> payment points / scalars system, they should not need any special support
> for escrowed trade).
> Let me sketch below something, which might not work since I have not
> actually learned verifiable secret sharing at all.
> In particular, if verifiable secret sharing requires that the participants
> including the escrow to set up the payment point interactively, this fails
> the first desired item, that the escrow only learns of the escrowed trade
> in a dispute case.
> (i.e. a real mathist should actually check this.)
> I will ignore here temporarily the issues of payment decorrelation, and
> pretend that the same point is used in the entire path.
> Before all this, E publishes its escrow key `E`.
> First, B and S generate temporary payment points and scalars, `B = b * G`
> and `S = s * G`.
> Then they agree on the contract `c` describing their agreement, in a
> language that E understands, e.g. "seller S will deliver 100 pieces of USA
> federal reserve commemorative decoration paper in exchange for 1 satoshi
> from buyer".
> Then B generates an ECDH shared secrets between escrow and buyer:
> tweak(c, P) = P + h(P | c) * G
> ecdh(a, B) = h(a * B)
> b' = ecdh(b, tweak(c, E))
> B' = b' * G
> S' = S + B'
> The payment point used in the payment route is `S'`.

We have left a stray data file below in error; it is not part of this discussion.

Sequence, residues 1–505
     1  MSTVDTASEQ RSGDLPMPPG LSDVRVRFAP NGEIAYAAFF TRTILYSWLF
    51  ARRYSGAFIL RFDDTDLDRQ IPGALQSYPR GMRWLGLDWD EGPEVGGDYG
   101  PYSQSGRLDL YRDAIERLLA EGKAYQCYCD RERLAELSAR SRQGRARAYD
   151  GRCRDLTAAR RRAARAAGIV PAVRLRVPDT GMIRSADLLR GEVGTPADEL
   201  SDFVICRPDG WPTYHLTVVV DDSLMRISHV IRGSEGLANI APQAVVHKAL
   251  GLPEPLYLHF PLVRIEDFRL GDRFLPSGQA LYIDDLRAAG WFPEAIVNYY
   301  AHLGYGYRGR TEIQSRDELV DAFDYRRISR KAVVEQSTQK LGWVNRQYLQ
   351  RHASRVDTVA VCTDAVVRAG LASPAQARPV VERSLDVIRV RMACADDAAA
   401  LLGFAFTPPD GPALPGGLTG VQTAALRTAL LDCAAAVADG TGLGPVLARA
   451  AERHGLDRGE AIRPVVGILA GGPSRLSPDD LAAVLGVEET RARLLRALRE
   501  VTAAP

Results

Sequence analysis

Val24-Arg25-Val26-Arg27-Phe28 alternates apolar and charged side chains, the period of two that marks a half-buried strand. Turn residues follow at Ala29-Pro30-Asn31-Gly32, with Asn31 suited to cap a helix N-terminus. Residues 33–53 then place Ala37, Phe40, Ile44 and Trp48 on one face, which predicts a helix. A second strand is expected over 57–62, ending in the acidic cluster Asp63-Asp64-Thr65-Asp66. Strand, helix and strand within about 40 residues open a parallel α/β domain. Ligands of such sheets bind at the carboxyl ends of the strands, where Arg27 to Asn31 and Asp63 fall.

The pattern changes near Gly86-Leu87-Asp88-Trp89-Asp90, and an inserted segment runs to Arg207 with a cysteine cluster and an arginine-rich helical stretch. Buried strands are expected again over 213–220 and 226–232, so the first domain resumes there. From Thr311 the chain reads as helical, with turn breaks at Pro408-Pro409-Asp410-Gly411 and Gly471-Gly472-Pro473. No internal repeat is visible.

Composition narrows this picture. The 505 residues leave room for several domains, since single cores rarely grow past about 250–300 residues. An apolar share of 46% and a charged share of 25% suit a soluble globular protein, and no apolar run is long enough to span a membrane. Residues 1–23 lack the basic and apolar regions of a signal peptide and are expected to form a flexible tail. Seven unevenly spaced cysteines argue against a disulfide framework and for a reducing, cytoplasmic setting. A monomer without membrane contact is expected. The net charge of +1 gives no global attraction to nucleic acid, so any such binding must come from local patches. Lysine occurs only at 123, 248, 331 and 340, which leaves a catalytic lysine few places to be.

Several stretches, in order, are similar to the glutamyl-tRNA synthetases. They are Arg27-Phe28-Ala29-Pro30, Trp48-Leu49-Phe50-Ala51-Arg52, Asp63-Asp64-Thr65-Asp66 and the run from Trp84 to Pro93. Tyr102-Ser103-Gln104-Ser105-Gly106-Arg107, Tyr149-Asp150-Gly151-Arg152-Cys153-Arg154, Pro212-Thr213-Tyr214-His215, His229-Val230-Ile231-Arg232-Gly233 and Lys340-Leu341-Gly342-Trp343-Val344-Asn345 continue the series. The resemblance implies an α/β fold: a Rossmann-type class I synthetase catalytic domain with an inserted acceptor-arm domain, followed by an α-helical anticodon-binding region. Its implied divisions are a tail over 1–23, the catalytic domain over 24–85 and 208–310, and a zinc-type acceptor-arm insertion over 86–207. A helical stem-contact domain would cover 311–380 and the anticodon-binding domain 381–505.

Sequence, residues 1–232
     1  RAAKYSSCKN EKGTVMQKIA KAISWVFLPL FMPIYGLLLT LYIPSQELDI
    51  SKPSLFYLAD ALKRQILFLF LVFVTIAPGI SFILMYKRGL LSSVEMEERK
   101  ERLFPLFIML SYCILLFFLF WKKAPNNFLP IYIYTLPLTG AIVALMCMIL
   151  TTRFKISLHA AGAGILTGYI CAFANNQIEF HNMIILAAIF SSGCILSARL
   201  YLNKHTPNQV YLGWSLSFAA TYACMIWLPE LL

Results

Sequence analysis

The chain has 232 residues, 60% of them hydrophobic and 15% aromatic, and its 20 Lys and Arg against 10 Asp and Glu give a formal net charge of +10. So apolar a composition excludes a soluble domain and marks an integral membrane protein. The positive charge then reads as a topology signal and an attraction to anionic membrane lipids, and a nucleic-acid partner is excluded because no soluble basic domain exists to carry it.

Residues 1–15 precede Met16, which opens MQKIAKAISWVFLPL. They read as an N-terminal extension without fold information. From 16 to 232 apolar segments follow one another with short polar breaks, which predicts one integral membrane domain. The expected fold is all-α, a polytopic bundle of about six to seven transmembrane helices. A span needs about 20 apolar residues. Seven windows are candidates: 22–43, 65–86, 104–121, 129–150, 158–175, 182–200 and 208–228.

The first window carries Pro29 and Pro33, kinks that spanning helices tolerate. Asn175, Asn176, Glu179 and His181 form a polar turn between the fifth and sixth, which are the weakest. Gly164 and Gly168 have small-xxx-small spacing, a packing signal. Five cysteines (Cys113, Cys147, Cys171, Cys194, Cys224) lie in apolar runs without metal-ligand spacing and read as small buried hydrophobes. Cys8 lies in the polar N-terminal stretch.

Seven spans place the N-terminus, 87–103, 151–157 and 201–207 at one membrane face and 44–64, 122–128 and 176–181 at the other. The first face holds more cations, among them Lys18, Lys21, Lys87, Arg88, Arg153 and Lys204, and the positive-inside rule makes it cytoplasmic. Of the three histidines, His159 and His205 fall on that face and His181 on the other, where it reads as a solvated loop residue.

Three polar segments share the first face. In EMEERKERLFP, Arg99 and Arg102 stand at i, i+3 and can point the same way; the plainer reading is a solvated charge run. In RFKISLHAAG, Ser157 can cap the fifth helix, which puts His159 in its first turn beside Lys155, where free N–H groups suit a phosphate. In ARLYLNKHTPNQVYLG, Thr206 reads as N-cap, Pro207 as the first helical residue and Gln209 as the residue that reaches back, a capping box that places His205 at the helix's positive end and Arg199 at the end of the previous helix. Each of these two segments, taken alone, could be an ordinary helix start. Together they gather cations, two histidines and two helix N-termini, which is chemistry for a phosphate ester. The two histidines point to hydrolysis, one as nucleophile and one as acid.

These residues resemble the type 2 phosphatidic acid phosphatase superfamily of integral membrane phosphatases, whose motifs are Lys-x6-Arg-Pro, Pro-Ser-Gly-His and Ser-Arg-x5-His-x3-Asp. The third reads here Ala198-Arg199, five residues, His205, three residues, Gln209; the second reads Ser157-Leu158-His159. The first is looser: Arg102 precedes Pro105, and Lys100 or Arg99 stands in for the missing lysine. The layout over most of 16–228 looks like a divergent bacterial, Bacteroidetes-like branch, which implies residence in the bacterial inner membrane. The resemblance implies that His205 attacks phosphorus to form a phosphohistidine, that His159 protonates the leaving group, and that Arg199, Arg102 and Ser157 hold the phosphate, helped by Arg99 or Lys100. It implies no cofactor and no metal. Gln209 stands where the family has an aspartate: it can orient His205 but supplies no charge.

> B provides `B` and `B'` to S (this can be done using TLV in the onion
> Of course, we also need to provide a proof that `B' == ecdh(b, tweak(c,
> E)) * G` where `B == b * G`.
> I have no idea how easy (or impossible) it is to make such a proof
> (without E having to attest to it).
> If S believes it has fulfilled the contract and delivered the product or
> service, it contacts B.
> If B is satisfied with the product or service, it provides `b'`, allowing
> S to compute `s + b'` needed to claim the payment point `S + B'`.
> In the non-dispute case, E never learns that it could have been the escrow.
> B receives the scalar `s + b'` from the payment, but it knows `b'` and can
> compute the scalar `s` which now serves as proof-of-payment.
> If B is unsatisfied, we have a dispute condition and S contacts the escrow
> S provides `B` and the contract `c` to the escrow.
> ECDH allows E to determine `b' = ecdh(e + h((e * G) | c), B)`.
> If E decides in favor of the seller, then it reveals `b'` to S, which can
> then compute `s + b'` and claim the payment point `S + B'`.
> However, note that if E decides in favor of the buyer, it cannot do
> anything other than let the payment timeout lapse, which automatically
> forces the seller S to fail the HTLC.
> I cannot derive a way for E to force S to fail the HTLC, without revealing
> to intermediate hop nodes that this is an escrow payment.
> Even if E is the only intermediate hop node between B and S (an
> undesirable situation since it allows E to censor and surveil the payments
> between B and S), it is not safe for E to fail its incoming PTLC until S
> has failed its incoming PTLC, as otherwise B and S could be coordinating to
> steal from escrow E.
> There are likely to be better schemes.
> Again, the ideal scheme would provide:
> * Escrow only learns of dispute cases, never learns non-dispute case.
> * Buyer can recover funds immediately as soon as escrow decides in favor
> of buyer. <- this seems difficult/impossible under LN.
> * Intermediate hop nodes are unaware of anything special with the payment.
> Lightning-dev mailing list
> Lightning-dev at lists.linuxfoundation.org